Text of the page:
Some companies apply the flat hierarchy by allowing the team to be completely self-managed, while the role of the leader rotates among the members on a weekly basis (Fried, 2011). This tactic helps employees be more empathetic to managers, and managers to employees as they have been put in the position of that responsibility (Fried, 2011). More and more companies adopt the flat hierarchy as it contributes to team building, and the communication is deeper, which results in a decision that is based on a well-informed discussion, instead of giving and taking commands (Schonfeld, 1994). The flat hierarchy is best applied when exhibiting traits such as listening actively for what people are trying to say, and for the manager to use persuasion instead of commanding (Schonfeld, 1994).

Corporations, big or small, ought to try the flat approach in management. You can go as flat as you think suitable for your kind of business, you can even start slow to test the waters. Employees can work to their fullest potential if involved in decision making. Also, if you think about it, you can save up money for the managerial position that is no longer necessary. A founder can do away with managers, executives, and even CEOs, and just directly deal with the working employees.


Greenfield, Rebecca. “Zappos CEO Tony Hsieh: Adopt Holacracy Or Leave.” Fast Company. Fast Company, 24 June 2016. Web. 25 Apr. 2017. <https://www.fastcompany.com/3044417/zappos-ceo-tony-hsieh-adopt-holacracy-or-leave>.

Guzman, Zack. “Zappos CEO Tony Hsieh on Getting Rid of Managers: What I Wish I’d Done Differently.” CNBC. CNBC, 15 Sept. 2016. Web. 25 Apr. 2017. <http://www.cnbc.com/2016/09/13/zappos-ceo-tony-hsieh-the-thing-i-regret-about-getting-rid-of-managers.html>.

Fried, J. (2011). “When the only way up is out: I’ve always run a flat company-no hierarchy, no managers, just smart people focused on their work. Then a prized employee said, ‘I want a promotion’”. Inc, (3). 35. Business Insights: Essentials. Web.

Schonfeld, E. (1994). “Communication Goes Flat.” Fortune 130.5 (1994): 16. Business Source Complete. Web.

Gotkin, Zev. (2012) “America’s Innovative Companies Are Going Flat.” The Huffington Post. N.p., Web. 11 Apr. 2017. <http://www.huffingtonpost.com/zev-gotkin/corporate-hierarchy-work_b_1962345.html>.

Lemons, Jane .(2015). “Flat Management.” SAGE Business Researcher. N.p. Web. 12 Apr. 2017. <http://businessresearcher.sagepub.com/sbr-1645-94858-2644624/20150202/flat-management>.

The History of Messages

Omar Albeshr (@ASRomar10)

Omar Albeshr (@ASRomar10)

Omar, an Emirati from Abu Dhabi, holds a degree in Avionics Engineering, currently works in tourism. He hopes one day he would publish his novels and his poetry book. His column is an exploration with a message, about the origins of words, terms, phrases and the stories behind them.
Omar Albeshr (@ASRomar10)

Latest posts by Omar Albeshr (@ASRomar10) (see all)

Reading Time: 5 minutes

Exploring the previous eras and ways of telecommunication untill they progressed to the current state.

Artwork by Dana AlAttar (twitter: @DanaAlAttar, instagram: @madewithlove.dxb)

In these fast-paced days where people send billions of messages every day whizzing across the globe, we tend to omit from our heads the early beginnings of telecommunication that was used by our ancestors. What did people do when they wanted to send messages across? What means did they have at their disposal and how did they utilize them?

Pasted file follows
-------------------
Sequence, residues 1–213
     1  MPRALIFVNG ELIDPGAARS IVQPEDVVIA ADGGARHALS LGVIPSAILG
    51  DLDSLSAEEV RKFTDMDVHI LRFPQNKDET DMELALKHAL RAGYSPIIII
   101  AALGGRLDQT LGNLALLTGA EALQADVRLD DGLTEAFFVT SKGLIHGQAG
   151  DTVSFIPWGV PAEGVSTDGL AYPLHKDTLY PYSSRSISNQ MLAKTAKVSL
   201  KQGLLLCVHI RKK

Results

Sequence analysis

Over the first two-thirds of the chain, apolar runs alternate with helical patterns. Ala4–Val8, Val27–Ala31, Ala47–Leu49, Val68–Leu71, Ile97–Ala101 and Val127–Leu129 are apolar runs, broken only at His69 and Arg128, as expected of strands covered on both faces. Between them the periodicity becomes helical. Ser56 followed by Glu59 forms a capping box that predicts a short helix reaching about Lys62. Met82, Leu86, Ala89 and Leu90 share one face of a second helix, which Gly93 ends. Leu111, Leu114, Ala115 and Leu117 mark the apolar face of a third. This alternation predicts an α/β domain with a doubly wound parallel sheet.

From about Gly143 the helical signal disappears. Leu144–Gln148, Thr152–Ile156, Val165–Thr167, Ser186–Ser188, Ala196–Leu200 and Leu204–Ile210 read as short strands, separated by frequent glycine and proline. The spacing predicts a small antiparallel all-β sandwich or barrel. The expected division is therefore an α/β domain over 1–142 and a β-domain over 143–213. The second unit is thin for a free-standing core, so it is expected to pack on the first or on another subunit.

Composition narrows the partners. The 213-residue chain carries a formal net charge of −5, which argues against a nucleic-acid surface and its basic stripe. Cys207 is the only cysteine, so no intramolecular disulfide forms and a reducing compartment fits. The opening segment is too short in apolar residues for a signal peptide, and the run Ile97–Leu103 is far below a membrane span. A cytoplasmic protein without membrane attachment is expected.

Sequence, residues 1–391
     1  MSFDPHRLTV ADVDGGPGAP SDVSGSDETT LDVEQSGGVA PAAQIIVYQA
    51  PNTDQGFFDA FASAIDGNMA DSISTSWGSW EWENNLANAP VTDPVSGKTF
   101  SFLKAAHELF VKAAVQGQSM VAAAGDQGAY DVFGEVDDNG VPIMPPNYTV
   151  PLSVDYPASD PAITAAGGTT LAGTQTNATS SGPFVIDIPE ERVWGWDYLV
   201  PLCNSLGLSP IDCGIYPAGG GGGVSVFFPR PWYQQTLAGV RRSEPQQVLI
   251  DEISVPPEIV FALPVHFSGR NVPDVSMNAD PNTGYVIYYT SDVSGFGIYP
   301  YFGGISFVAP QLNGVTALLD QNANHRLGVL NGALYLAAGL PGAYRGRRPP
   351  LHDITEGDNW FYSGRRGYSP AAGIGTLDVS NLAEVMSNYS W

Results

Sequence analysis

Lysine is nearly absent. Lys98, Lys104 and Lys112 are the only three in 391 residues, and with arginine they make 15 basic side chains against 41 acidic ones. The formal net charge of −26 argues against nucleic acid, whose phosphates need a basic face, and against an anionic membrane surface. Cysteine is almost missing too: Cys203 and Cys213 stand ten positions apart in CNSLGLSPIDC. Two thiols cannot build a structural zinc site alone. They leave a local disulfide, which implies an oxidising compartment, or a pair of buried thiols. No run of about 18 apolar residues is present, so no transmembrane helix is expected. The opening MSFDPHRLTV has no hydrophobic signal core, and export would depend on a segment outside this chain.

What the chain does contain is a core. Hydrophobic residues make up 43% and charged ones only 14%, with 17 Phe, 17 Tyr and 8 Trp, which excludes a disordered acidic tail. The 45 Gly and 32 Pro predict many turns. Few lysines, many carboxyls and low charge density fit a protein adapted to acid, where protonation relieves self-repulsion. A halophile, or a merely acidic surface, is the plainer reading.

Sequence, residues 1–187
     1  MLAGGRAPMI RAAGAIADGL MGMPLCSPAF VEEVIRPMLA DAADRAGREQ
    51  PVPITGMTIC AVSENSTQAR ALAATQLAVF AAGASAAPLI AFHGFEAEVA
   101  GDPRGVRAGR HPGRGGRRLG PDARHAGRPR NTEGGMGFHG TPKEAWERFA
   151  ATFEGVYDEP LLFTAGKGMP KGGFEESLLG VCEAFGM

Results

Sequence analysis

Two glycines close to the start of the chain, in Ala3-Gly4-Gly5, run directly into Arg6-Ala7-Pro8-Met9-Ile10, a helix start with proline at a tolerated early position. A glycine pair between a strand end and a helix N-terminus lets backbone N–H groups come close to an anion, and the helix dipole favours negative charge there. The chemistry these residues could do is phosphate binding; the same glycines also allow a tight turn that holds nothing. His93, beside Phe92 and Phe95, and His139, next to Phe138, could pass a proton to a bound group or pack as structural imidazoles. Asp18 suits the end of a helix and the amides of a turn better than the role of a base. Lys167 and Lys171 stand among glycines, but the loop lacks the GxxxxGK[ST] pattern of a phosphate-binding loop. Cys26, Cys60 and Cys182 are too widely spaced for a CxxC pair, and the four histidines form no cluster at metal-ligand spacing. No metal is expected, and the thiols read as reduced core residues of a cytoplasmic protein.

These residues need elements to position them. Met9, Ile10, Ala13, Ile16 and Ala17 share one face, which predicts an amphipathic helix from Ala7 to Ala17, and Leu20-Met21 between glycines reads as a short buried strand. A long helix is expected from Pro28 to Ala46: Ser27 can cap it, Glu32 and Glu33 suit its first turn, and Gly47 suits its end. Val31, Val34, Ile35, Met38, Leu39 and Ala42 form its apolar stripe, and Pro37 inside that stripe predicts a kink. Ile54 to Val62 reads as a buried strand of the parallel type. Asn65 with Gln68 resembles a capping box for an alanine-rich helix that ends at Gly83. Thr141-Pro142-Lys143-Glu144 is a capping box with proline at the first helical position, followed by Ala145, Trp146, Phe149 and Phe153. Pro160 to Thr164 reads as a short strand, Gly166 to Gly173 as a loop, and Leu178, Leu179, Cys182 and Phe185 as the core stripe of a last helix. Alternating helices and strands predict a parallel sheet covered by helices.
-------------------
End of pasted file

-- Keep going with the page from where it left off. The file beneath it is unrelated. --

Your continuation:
Unlike many of the futile messages today, telecommunication back then came about from a real urge. People needed to communicate danger or messages that were crucial to their survival. Fire was the first tool that people figured out how to harness, not only for its warmth but because light could be seen from a long distance. It was an effective tool that can direct predetermined messages between cities, using a relay of many fire torches and people along the way. In ancient Greece, the news of the Greek victory traveled within a few hours from the city of Troy 600 kilometers to the city of Argos using such a system.

North American tribes capitalized fire in another way to create an even more effective communication tool. They sent their messages by way of Smoke Signals. Every tribe had its own pattern of smoke signals conveying different messages across a large area. A smoke signal from the top of a hill usually meant “danger” to the rest of the tribe. The Chinese also used smoke signals to alert cities of any attacks through many stations, traveling over a distance of 750 kilometers.

In areas where visibility was an issue or big fires were not an option, such as those who lived in the jungles, they turned to another tool. They used drums to telegraph messages at the speed of over 160 kilometers in an hour.

The effectiveness of the above methods of telecommunications relied on many people to create a continuous chain. This meant that if any of the people within the system fell asleep or did not pay attention, the system was compromised and the fate of the message and its purpose was doomed. Also, those messages were not private at all, but broadcast for all to hear or see.

That is why pigeons were used later on to send messages. It was more reliable and private. Two types of pigeons were able to fulfill that purpose: Racing Pigeons and Homing Pigeons. These type of pigeons can travel for hundred of kilometers with a message safely attached to their feet.